The book in question is insightful, thought-provoking and controversial. One of the positive aspects of the book is its elaborateness. Having taken up a challenging thesis, the author goes about proving it with a rigorous scholarly approach. But as with all theses there are problems of omission and commission.
The book presents an interesting view on the European dominance of global politics in modern history. Questioning any inherent genetic superiority or innate industriousness of the European race, Diamond states that it was conditions of favorable geography and climate that accounts for this dominance. The vast East-West orientation of the Eurasian landmass offered a degree of uniformity of climate along the same latitudes. This allowed exchange of applicable agricultural technology across various parts of the continent. Eurasia also had the good fortune of tameable animals which they could employ in agricultural production and also for animal farming. . . . Read More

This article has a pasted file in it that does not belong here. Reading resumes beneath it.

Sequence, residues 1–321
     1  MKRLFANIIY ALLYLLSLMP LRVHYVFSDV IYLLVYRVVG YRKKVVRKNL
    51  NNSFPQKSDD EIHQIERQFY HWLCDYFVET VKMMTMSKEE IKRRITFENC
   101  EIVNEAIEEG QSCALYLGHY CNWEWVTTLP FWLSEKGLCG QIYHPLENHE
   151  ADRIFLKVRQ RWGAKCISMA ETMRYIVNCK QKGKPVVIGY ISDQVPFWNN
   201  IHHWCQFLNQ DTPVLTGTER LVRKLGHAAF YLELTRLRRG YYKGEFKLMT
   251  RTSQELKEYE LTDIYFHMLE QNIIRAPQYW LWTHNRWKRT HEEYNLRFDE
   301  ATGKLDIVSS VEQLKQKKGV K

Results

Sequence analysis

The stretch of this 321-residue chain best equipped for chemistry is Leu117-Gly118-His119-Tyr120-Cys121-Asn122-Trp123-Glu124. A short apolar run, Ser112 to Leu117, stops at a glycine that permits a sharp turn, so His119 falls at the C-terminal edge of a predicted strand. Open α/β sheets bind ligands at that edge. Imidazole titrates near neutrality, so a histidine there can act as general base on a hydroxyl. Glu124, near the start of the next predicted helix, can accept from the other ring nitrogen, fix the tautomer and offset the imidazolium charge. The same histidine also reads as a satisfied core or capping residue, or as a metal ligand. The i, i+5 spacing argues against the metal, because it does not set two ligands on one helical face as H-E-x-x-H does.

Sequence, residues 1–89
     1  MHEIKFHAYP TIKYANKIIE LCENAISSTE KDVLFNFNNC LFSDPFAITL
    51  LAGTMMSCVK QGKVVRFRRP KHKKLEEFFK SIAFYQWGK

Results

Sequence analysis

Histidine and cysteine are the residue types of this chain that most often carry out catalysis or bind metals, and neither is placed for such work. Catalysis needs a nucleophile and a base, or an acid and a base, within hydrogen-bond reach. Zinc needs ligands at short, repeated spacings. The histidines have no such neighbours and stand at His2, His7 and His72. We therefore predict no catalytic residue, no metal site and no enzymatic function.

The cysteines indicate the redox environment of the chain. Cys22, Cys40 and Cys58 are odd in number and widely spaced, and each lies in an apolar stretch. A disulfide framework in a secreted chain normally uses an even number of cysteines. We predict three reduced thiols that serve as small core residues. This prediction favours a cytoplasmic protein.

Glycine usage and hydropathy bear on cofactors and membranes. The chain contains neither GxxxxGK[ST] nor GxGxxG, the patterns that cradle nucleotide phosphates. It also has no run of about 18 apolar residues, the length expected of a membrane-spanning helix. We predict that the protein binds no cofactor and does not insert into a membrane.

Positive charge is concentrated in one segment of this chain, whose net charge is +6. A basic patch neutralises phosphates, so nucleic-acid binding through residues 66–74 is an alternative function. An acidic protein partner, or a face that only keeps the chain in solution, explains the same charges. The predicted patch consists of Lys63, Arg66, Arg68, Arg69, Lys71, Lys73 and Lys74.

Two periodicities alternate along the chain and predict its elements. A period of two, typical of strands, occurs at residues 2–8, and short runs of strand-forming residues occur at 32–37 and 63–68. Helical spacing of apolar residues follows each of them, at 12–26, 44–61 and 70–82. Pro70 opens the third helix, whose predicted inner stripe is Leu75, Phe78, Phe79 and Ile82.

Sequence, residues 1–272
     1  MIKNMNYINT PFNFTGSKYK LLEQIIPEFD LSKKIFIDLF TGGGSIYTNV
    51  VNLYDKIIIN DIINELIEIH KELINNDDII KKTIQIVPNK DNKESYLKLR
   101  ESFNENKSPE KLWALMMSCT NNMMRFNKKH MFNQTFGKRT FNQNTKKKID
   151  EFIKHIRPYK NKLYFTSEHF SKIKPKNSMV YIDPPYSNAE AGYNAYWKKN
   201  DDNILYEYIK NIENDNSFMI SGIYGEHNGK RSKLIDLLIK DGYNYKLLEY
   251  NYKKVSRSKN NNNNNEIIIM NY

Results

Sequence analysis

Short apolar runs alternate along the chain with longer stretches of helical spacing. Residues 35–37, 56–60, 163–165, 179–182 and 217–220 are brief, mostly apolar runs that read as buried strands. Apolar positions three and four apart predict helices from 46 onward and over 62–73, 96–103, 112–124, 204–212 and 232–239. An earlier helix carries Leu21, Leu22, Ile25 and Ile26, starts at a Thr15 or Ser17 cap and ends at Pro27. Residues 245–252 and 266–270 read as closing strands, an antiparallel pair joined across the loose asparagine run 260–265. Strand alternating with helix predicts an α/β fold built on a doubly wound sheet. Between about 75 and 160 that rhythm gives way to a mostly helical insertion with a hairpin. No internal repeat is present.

Karl Marx’ essay ‘On the Jewish Question’ is elaborate, insightful and addresses a pressing issue in 19th century Germany. First published in his collection of early philosophical writings, the essay considers Jewish emancipation in the realm of politics and civil society. The essay is partly a polemic to Bruno Bauer’s proposal to the Jewish Question. Marx’ primary concern is political-economy and not emancipation on the basis of religion. He has objections to Bauer’s proposal on two grounds. First, it is impossible for people to forsake their religion for gaining equal political rights. Second, even if this nominal equality is won, it won’t translate into meaningful social emancipation. (Marx, p.7) Marx cites the example of the failure of universal electoral franchise in alleviating socio-economic disparity in American society. This is so because granting equality to ‘citizens’ of the state does not lead to equality at the level of ‘species-beings’. (Marx, . . . Read More